media that we enjoy today and most news of what was going on
in other countries came through a wire service. Other countries
were struggling very hard to survive the devastation as a result
of the Great Depression.
Adolph Hitler was instrumental in getting
Germany back on it's feet monetarily. Russia struggled with the
concept of communism and the people in general were far from
well off. Asian countries, because of their high population, were
often in need. Generally speaking, there were no "fat cats" during
this period and unfortunately it took a world war to get the economy
going again in order for the little guy to make a living .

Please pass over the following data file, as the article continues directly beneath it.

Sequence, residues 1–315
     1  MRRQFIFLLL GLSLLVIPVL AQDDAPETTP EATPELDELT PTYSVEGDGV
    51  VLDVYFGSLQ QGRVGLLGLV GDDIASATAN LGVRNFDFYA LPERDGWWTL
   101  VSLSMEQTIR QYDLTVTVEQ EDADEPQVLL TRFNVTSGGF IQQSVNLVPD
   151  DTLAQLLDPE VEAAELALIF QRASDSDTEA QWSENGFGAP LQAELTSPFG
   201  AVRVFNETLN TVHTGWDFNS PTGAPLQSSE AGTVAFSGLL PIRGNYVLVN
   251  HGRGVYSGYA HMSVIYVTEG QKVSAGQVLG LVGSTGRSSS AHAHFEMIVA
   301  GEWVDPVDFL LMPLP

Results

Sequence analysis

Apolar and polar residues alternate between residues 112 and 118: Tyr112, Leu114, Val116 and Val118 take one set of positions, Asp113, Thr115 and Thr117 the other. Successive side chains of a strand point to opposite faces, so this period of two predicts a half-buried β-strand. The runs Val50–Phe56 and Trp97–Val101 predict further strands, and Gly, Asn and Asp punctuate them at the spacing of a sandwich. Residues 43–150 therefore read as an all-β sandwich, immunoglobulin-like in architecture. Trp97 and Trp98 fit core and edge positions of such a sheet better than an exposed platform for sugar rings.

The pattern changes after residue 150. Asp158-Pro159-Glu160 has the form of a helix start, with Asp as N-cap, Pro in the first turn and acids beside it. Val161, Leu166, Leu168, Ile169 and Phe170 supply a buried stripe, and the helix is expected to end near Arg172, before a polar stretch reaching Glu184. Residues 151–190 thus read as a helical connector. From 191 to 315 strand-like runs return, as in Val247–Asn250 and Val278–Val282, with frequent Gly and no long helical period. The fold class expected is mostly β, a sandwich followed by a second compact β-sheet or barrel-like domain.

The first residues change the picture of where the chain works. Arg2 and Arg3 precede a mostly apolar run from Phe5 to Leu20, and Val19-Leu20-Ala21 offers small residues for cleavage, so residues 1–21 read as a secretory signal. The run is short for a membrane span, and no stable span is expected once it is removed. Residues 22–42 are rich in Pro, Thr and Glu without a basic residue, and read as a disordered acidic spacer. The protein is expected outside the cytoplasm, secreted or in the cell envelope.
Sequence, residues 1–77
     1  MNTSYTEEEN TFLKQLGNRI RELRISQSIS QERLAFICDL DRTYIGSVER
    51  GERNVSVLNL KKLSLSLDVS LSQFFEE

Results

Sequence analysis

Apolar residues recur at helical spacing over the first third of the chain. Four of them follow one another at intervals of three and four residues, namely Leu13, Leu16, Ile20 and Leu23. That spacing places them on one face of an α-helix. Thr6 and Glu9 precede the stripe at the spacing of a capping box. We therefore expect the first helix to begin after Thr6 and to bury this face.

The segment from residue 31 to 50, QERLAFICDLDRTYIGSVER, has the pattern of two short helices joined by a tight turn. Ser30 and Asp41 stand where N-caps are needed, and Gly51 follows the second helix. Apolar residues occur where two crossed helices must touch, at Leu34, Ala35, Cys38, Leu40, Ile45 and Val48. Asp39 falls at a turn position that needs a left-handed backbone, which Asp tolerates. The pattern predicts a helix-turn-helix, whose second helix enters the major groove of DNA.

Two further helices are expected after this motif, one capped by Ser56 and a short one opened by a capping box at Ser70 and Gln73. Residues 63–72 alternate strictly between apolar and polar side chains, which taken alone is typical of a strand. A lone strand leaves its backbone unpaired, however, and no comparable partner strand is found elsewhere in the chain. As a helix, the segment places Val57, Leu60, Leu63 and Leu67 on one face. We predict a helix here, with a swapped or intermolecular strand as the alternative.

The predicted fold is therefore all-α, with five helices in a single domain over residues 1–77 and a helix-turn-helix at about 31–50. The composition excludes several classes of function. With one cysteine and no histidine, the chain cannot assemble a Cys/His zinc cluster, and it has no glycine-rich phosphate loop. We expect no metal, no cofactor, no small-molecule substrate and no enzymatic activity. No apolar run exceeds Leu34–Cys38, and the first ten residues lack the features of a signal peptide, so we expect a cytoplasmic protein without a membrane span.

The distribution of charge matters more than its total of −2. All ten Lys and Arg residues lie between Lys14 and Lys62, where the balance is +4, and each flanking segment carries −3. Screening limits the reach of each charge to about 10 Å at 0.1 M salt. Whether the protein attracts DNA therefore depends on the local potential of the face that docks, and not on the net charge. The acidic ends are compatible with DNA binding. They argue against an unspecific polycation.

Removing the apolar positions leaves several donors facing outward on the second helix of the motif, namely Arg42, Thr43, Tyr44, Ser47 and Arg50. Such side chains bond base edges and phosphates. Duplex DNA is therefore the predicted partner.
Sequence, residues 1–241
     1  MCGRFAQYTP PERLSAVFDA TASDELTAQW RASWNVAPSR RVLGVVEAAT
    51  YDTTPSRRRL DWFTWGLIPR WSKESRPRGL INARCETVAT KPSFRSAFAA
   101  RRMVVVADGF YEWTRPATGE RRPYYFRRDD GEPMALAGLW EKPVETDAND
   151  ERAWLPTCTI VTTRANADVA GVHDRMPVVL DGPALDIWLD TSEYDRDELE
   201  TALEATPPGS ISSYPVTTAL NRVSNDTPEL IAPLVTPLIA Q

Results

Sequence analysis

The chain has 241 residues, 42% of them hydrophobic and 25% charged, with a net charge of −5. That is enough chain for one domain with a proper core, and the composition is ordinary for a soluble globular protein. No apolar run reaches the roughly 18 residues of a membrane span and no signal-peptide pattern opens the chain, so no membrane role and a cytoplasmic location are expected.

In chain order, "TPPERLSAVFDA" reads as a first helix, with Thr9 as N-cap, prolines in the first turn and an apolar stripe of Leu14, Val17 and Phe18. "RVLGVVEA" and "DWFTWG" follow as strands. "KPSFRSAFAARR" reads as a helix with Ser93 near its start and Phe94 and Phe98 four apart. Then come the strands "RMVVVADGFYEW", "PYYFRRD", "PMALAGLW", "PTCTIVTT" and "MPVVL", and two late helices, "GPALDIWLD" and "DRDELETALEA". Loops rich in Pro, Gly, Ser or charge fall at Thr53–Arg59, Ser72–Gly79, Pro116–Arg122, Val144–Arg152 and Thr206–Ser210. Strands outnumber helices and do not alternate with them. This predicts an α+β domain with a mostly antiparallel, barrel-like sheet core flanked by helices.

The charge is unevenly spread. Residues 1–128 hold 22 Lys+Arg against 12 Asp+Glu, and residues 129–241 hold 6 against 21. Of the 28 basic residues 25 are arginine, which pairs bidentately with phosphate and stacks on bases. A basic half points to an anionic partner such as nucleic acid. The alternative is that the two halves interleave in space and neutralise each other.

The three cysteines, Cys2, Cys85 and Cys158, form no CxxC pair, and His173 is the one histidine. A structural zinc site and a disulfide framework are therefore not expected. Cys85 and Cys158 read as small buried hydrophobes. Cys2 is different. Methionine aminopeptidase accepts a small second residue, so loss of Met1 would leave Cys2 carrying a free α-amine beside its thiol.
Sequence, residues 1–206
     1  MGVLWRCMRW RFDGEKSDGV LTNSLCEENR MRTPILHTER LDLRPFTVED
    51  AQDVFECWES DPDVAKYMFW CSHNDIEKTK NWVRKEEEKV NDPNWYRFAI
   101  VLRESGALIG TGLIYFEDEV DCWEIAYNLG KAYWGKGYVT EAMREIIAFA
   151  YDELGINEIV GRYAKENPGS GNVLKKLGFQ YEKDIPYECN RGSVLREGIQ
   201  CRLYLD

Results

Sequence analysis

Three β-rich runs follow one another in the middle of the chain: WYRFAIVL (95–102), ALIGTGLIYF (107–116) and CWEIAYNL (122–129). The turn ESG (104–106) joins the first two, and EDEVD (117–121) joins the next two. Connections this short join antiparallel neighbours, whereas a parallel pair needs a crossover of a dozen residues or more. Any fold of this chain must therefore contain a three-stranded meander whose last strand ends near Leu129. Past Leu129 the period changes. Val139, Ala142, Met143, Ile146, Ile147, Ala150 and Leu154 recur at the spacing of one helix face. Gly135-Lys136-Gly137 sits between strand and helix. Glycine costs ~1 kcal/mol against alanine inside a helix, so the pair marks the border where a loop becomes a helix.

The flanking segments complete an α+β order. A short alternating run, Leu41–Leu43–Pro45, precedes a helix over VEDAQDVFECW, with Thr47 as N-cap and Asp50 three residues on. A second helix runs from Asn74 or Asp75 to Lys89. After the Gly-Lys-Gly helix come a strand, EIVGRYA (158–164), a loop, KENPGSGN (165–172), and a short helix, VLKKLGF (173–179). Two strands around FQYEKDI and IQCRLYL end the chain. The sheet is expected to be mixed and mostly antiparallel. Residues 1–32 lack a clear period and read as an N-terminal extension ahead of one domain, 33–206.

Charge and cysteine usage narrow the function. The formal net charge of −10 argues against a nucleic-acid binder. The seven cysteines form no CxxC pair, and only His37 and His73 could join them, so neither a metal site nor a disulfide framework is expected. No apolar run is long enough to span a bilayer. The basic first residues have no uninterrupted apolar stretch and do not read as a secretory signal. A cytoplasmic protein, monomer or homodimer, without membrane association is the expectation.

World War 2
Q: What was Canada's foreign policy in WW2?
A: Canada was closely allied to England and when war was
declared in 1939 our army reserves were the first to be
sent overseas. We totally rejected Hitler and all of his
policies. Premier King implemented the drafting of all
elegible males and they were trained and shipped overseas.
We were not into war as a nation but being part of the
Commonwealth, the choice was made. Immigrants were
sort of put on hold and as a matter of fact boatloads of
Jewish people headed for our shores and those of the U.S.
but were turned away . I personally think this is why we have
such an open policy today on immigration - we felt guilty
for the rejection of the Jews.
I think our policy was one of peace and we were never an
aggressive nation. However,during the war years, the Japanese
Chinese and other immigrants already in the country were closely
watched by the Canadian government.
The Dust Bowl
Q: What was the Dust Bowl?
A: The Dustbowl of the 1930's was an
ecological disaster that occurred in the South West
Great Plains of the U.S. The drought continued for
such a long period that the land eroded and blew